Envision Healthcare's 25,000 clinicians are no longer considered in-network with UnitedHealthcare, the nation's largest private payer, the physician staffing company confirmed Tuesday.
The nationwide contract dispute threatens to leave patients with higher costs and surprise bills as Envision clinicians staff many hospitals, including emergency rooms across the country. Envision clinicians work in 44 states and D.C.
Envision claims UnitedHealthcare "refuses to keep" its clinicians in network and "decided not to renew its longstanding partnership with Envision Healthcare in the midst of a national health crisis," according to a recently released statement.
The staffing firm said not all patients may be protected by UnitedHealthcare's cost-sharing waivers for out-of-network, in-patient COVID-19 care.
"United's COVID-19 coverage means that one in 10 patients who go to an emergency room may face a surprise gap in coverage," Envision said in its recent statement.
UnitedHealthcare blamed Envision's high prices and said Envision expects to be paid twice the median rate of other anesthesiologists and more than triple the median rate of other ER physicians.
"Most providers we work with are contracted at fair, market-competitive rates, but a small number of providers, and especially private equity-backed physician staffing companies like Envision, are driving up the cost of care for the people and customers we serve," UnitedHealthcare said in a statement.
The payer said the two began negotiations in May but were ultimately unable to come to an agreement before the first of the year. The majority of Envision physicians now out of network are ER doctors and anesthesiologists, UnitedHealthcare said.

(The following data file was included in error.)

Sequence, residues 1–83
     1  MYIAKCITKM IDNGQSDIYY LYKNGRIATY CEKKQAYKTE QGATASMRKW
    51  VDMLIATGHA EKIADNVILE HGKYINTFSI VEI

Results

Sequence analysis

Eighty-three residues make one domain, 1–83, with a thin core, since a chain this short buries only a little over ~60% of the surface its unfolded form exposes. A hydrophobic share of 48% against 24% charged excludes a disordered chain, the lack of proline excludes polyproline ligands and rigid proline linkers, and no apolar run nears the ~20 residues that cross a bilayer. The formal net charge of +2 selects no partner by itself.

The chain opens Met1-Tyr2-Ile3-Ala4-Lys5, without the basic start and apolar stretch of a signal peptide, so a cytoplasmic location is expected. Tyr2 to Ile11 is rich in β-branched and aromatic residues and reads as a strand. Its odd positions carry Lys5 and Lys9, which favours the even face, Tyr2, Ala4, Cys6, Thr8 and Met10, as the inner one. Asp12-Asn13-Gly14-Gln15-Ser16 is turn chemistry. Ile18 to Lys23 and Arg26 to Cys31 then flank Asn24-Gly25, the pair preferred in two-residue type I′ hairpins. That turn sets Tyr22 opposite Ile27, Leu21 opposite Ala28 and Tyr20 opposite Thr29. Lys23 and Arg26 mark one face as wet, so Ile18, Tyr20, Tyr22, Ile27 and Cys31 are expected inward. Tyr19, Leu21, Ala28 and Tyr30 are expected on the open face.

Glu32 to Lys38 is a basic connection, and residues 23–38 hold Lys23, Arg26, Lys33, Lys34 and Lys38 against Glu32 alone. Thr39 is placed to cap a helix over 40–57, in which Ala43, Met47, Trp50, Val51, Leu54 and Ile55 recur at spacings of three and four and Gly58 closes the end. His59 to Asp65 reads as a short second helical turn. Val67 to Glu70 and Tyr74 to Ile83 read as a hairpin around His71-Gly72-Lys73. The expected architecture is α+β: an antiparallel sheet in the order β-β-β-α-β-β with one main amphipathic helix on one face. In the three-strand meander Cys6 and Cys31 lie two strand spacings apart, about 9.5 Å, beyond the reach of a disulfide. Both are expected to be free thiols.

The legislation that bans surprise billing does not go into effect until 2022, and UnitedHealthcare is asking Envision to honor its commitment that it will not surprise bill patients in 2021.
This is not the first time the two have been involved in a contract dispute. In 2018, UnitedHealthcare threatened to drop Envision from its network. At the time, the payer also alleged Envision's rates were responsible for driving up healthcare costs.
The two eventually came to terms, but UnitedHealthcare won by securing "materially lower payment rates for Envision," according to a previous report from S&P Global analysts.
In the years that followed that squabble, the insurer cut, or threatened to terminate, other physician staffing firms from its network in a bid to extract lower prices.
Analysts previously told Healthcare Dive that they expected UnitedHealthcare's squeeze on these firms to continue.
Following the dispute with Envision in 2018, UnitedHealthcare then cut some of its contracts with TeamHealth, which has a special focus on emergency medicine. Again, the insurer pointed to TeamHealth's high prices as a reason for its action, and also pointed the finger at those firms backed by private equity.
Both TeamHealth and Envision are owned by private equity firms.
Last February, UnitedHealth also cut Mednax, another physician staffing firm, from its network in four states over a pricing squabble. Though the payer later said it extended those contracts amid the pandemic.